Made in 2012, Art as a Weapon is a documentary about using street art to publicly send a message, may it be of peace, hope, a political one, or any other messages sent to the mass public by way of graffiti, paintings, etc. The film follows an art class in Burma learning to use art with the most effectiveness and contrasts this with American street artist Shepard Fairey. Directed by San Diego documentarian Jeffrey Durkin, the film mixes the Burmese school students’ scenes with scenes shot in San Diego while artist Shepard Fairey was in town painting a Buddhist monk on the side of a building.
Illustrated movie posters are explore here through their beginnings, history, the artists behind them, and their recent resurgence started with Mondo and their artist posters of older films that have become highly collectible and wanted. Directed by Kevin Burke, this documentary starts with the history of the medium and interviews with knowledgeable people and artists. This part of the film is filled with historical facts and anecdotal stories. The film spends a bit of time on the history, where posters can from, why are they the sizes that they are, why they look a certain way, their evolution, etc.
The Los Angeles County Museum of Art is hosting an exhibit of a part of filmmaker Guillermo Del Toro’s horror-centric art collection. This includes everything from movie props (from his own films and others’), to paintings, to photographs, to sculptures, to storyboards, to sketches, etc, etc, etc. This small part of his collection is insane in the best of ways and any movie nerd that can should go and see it before it closes on the 27th of November.
As a proper movie (horror especially) nerd, I went and took a ton of photos. Unfortunately, it is dark in there and flash photography is not allowed to protect the art and other people’s enjoyment of it. With no further ado, here are some of my photos of the exhibit in all their dark and grainy glory!
The girl can’t help it. “Girls and Corpses” celebrates their Spring volume by bringing aboard their own bonafide spring hotty, Courtney Stodden. Whether or not you’re a fan, there’s no denying the news savvy highly publicized Stodden is insanely hot, and “Girls and Corpses” takes advantage of her photo shoot, making sure to show off how Stodden manages to keep every page of her photo spread burning to the touch.
There’s even a delectable fold out poster for folks who want to appreciate Stodden every single day of the year. Stodden is definitely a model for the horror magazine that will keep readers turning back to her spread again, and again, and she takes full zeal in her new cover shoot by posing with her very own corpse groom. One very lucky corpse groom.
For aspiring animators and or fans of “Rise of the Guardians,” this hardcover look at the development of “Rise of the Guardians” from a series of eight young adult books that were compressed and transformed in to a marketable fantasy animated film will be thrilled to learn all the facets and elements of the film that were finely tuned and included to give the movie that extra dimension.
Though the film is primarily built around the belief in deities, the film implements a lot of international aspects that reflect belief including the Middle Eastern influence on the Tooth Fairy’s costume, as well as the Bunny’s giant egg sentinels, all of which were influenced by Eastern mythology. There’s also a detailed glimpse in to the creation of the realms for the guardians, including the small trinkets and interesting details added to certain background and environments, including North’s toy shop, and the detailing of his Yeti workers, all of whom were a fine addition to the story.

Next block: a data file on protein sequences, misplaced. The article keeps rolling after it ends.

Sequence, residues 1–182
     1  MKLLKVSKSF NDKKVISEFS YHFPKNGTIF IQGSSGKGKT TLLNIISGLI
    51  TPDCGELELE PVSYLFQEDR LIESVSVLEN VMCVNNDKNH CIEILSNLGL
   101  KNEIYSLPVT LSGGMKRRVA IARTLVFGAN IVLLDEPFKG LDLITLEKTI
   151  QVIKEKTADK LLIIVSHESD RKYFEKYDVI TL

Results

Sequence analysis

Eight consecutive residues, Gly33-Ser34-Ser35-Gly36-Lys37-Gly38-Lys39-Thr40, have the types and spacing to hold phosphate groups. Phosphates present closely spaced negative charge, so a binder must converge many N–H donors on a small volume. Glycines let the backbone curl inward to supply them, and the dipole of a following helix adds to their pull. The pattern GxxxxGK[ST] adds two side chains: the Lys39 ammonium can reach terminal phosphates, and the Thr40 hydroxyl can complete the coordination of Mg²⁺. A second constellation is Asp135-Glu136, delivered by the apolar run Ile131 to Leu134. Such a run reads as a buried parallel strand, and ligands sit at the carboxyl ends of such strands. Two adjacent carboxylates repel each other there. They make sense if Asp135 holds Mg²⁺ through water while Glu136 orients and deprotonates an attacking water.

For folks who like sex and grue wrapped up in a gory little bow, “Girls and Corpses” is surely to whet your appetite. “Girls and Corpses” is an entertaining horror magazine that spotlights the obscure corners of the horror world while allowing readers their own fantasies in the process. There’s spreads on facial make up that results in a grotesque gallery of facial rotting, old pictorials of women posing with skeletons and cadavers, explorations of mechanical art, as well as digital art, and a heavy emphasis on horror photography that explores taboo sexual practices.
There have been a lot of animation guides, but not one I could have easily used to animate my own film, or create a comic with. Most animation guides are a bit too rigid and advanced for someone of my skills so it was a blast to read “Animation Unleashed” a comprehensive and very helpful guide that tackles all bases of the animation and comic book medium.
From form, motion, and action, to shadows, right down to clouds. It’s a quick and fun read that will prove to be an asset to any of the aspiring animators or comic artists looking for help on taking their one dimensional characters or figures and turning them in to living breathing beings.
What Andy Goldsworthy does is pure magic that can be deemed as truly amazing, or just a truly amazing use of proficiency. Goldsworthy masters his craft within an instance going out in to a natural terrain and instantly begins looking for objects to make up his next masterpiece. Goldsworthy takes what he’s given from nature, and in an obviously edited nature begins making a design. Scottish born artist Goldsworthy speaks with a gentle voice very often as all artists do knowing any little tremor will break down the masterpiece, and though he be slightly eccentric, mad, and demanding, he does manage to surprise with visions of nature that really made me gasp and smile with wonder at the beauty presented to us in stark luminous colors and shades.